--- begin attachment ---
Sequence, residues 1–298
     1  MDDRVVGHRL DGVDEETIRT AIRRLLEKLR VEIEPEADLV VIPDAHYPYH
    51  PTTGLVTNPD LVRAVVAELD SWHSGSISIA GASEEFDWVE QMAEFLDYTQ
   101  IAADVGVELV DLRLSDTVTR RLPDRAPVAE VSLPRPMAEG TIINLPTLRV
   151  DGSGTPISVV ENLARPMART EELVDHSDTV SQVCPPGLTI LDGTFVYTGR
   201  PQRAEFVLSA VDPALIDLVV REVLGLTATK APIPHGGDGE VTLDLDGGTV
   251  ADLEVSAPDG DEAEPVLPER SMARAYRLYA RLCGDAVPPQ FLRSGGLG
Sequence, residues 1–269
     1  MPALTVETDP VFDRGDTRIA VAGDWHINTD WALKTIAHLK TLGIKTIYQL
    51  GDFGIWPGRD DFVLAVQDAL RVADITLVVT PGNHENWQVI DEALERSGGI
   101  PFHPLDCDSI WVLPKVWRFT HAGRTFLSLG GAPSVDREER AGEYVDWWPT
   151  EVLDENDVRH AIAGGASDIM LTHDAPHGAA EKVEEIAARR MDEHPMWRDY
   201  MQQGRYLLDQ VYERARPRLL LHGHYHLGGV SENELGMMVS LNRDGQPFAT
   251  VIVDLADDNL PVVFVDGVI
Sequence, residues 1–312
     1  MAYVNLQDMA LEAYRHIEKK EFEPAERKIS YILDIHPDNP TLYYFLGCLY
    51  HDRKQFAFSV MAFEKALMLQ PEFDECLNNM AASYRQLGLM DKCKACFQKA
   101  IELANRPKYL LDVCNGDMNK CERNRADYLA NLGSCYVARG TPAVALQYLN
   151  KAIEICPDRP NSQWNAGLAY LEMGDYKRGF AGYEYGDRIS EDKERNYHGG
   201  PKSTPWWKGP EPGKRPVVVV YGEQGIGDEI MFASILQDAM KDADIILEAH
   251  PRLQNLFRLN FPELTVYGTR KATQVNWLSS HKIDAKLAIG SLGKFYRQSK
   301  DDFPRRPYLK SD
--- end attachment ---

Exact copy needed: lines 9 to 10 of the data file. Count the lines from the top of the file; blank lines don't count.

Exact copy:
     1  MPALTVETDP VFDRGDTRIA VAGDWHINTD WALKTIAHLK TLGIKTIYQL
    51  GDFGIWPGRD DFVLAVQDAL RVADITLVVT PGNHENWQVI DEALERSGGI